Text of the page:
Sunday, July 13, 2008

Andrzej Sapkowski - The Last Wish (Book Review)

"The Last Wish" (Amazon: UK, USA)
by Andrzej Sapkowski (Wikipedia)
Format: Paperback, 280 pages
Publisher: Gollancz
---Geralt was always going to stand out, with his white hair and piercing eyes, his cynicism and lack of respect for authority... but he is far more than a striking-looking man. He is a witcher; his sorcerous powers, enhanced by elixirs and long years of training, have made him a brilliant fighter and a merciless assassin. He is no ordinary murderer, though: his targets are the vile fiends that ravage his land, preying on the unwary. But as he roams the country he comes to realise that first appearances are often deceptive: not everything monstrous-looking is evil, and not everything fair is good... and in every fairy tale, there is a grain of truth.
In his role as a guardian of the innocent, Geralt, the witcher from Rivia, meets incestuous kings with undead daughters, vengeful djinns, rancorous maidens, shrieking harpies, love-lorn vampires and despondent ghouls. Many are pernicious, some are wicked, and none are quite as they seem.

I usually avoid blurbs-slash-synopsis on the back of the book, since in most cases I see them as tedious, spoilerific, pompous and in most cases not at all in character that permeates the actual story. But in this case I've made an exception as the blurb hits the proverbial nail on the head.

Sapkowski is considered a bit of a superstar in Poland and in few other European countries that were lucky enough to get a translation of his works - ironically enough, the English speaking world had to wait for more than 15 years to get a translation of the first book featuring Geralt the Witcher. The second book in the series, entitled "Blood of the Elves" (US import, UK), is scheduled for release on September 18. So, was "The Last Wish" worth the wait? Without doubt. Sapkowski brings a set of fresh elements and twists alongside with the otherwise pretty straight-forward quest oriented epic fantasy.

First off the bat, despite 1the disjointed structure of the narrative - "TLW" is basically a set of short stories set apart by individual chapters and loosely interconnected by a story of Geralt's reprieve which is dissected and wedged in between the chapters that delve into the past exploits of Geralt - and 2simple adventurous-oriented plot I liked the book a lot. It read really well and besides, Geralt is a most sympathetic character (I'm a sucker for righteous outcasts with their own heightened sense of judgment and highly reflective approach to situations). We get to know little about his past and he doesn't show any signs of personal growth (since he is already a fully grown/developed adult), but he nevertheless displays incredible depth and complex personality which is revealed through well-timed and well-measured snippets of dialogue, through the way he looks at the world and through how he deals with situations. In some of the later adventures Geralt is joined by Dandelion - a sidekick in the form of a wandering scholar, famed bard and skirt-chaser. The novel's structure and the Geralt/Dandelion due resembles much the adventures of Gotrek and Felix. One of the downsides is that the rest of the crew is not as fleshed out as Geralt and usually cross the threshold of stereotypical by a fair margin, although if I'm honest this didn't bother me all too much as Sapkowski compensates elsewhere in abundance.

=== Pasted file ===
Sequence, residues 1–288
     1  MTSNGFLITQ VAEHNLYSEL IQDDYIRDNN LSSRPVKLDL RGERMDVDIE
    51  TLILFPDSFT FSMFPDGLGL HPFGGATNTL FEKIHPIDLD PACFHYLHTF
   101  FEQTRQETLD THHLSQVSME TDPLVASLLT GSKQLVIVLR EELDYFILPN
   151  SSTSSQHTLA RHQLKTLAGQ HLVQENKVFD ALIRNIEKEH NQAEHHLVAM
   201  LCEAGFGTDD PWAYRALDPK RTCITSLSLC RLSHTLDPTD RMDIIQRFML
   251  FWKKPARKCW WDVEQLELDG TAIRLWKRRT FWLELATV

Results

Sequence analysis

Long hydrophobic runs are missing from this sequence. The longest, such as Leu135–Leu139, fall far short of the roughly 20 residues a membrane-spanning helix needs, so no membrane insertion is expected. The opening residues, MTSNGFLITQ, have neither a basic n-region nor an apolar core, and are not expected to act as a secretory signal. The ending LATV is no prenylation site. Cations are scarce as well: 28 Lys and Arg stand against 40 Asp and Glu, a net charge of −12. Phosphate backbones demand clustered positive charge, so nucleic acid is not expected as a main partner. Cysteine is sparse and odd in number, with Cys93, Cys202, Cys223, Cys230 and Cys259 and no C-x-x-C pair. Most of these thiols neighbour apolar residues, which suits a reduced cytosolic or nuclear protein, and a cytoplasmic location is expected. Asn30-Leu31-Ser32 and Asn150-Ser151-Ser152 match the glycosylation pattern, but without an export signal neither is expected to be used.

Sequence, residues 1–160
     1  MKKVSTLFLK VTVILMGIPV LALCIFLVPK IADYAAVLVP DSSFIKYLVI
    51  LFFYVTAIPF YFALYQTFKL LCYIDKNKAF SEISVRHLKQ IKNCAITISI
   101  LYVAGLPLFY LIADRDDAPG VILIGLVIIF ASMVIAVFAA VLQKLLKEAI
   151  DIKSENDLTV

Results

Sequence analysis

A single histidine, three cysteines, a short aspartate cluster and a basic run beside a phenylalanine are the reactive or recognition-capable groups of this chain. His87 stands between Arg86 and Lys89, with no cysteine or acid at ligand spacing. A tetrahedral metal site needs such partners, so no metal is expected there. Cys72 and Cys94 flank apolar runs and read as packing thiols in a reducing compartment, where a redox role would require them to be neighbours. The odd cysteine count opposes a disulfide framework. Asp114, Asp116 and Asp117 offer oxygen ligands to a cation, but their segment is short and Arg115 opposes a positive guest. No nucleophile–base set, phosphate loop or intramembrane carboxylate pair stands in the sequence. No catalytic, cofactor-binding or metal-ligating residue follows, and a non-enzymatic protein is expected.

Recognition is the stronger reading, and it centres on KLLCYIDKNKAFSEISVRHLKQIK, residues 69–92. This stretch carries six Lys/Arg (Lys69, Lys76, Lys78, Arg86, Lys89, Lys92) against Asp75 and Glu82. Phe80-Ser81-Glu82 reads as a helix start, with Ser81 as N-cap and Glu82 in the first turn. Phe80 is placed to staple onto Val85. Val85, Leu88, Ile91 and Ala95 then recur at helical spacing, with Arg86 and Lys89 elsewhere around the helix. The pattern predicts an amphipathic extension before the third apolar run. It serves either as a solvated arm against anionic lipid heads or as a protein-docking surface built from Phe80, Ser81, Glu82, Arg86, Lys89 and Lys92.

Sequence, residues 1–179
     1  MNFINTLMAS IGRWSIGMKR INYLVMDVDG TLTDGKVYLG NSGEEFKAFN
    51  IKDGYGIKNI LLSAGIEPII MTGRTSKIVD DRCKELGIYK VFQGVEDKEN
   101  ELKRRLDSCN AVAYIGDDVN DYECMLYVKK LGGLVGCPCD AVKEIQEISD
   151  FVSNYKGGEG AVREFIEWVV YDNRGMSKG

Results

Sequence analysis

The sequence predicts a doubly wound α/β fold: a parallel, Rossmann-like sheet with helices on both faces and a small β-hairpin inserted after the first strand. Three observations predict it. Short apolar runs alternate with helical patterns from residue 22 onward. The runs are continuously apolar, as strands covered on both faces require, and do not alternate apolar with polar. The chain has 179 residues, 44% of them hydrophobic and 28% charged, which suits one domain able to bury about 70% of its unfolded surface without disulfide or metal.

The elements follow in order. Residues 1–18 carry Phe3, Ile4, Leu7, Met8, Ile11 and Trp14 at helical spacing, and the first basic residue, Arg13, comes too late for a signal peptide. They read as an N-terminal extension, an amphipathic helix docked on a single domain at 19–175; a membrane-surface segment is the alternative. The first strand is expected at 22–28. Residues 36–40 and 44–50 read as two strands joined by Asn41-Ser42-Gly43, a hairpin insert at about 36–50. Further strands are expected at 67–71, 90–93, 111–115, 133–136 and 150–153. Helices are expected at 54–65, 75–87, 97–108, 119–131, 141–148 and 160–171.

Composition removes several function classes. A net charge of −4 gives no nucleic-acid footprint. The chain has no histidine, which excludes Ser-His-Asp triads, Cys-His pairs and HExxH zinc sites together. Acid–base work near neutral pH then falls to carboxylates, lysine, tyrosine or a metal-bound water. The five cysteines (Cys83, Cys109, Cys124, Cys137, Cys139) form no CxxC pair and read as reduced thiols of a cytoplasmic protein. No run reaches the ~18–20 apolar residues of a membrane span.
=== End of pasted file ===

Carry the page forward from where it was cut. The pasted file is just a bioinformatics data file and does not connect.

What makes "The Last Wish" stand out from the crowd is not the way it mixes fantasy tropes with their subverted and disfigured mirror images because this is not a groundbreaking practice anymore - it's become a bit of the latest trend really - but the inclusion of the (mainly) Slavic mythology within the faux-medieval setting; 1predomination of Slavic names for cities and people is a relief from the randomly generated multiple-vowelled names with apostrophes jutting here and there to make things more otherworldly and exotic, as is the 2inclusion of creatures such as strigas, spriggans, leshys, kikimoras, vyppers etc. where otherwhere we are being literally drowned with imps, orcs, goblins and other creatures from the Nordic folklore.

Worldbuilding is otherwise spare and the info-dumping dampened to boot - the book concentrates on Geralt and the tasks that lay at his feet. Magic is present, but subdued and complimented by vials, elixirs, Signs, intentional body mutations and other inventions. Like said, these elements are subdued and unobtrusive, but the mere hint of their presence really makes the otherwise unadorned storytelling work on a deeper level. If you are at least partly familiar with the structure of fairytales and myths you will probably be delighted by the way Sapkowski plays with conventions.

Sapkowski's dry wit permeates the whole book; from dialogue, characters' traits, to his use of language and so forth. There is little to no explicit content in the book so it is suited for the people of all ages (and convictions) without turning out childish or...well, anesthesised. The younger readers should be hooked on the awesomeness that is Geralt and those a bit older might appreciate his subtle cynicism and world-weariness that make him a truly memorable character.

"The Last Wish" is not all flowers, though. The world and the secondary characters could be done with more care so they wouldn't turn out so one-sided. The plot lacks real substance and coherence; all you get is a set of short stories that account for the Witchers exploits and not much else. The whole book works as an introduction into the word and the protagonist that Sapkowski created, but I think it is safe to expect that the later installments improve on this aspects of the storytelling, as the potential and talent are obviously present. All this niggles might be seen as shortcomings when you dissect the text, but on the accumulative level everything works as it should and that's what matters the most.
~ Thrinidir ~


James said...

Good review Thrinidir, it's slightly worrying how often your own opinion of a book seems to match my own...

I quite enjoyed this book, and think Geralt is an extremely cool character. I had the same issues as you though, in that there's no real plot and no other truly memorable characters save for Geralt. I also found the prose clunky and wooden at times, but I'm sure this was just the translation.

Lsrry said...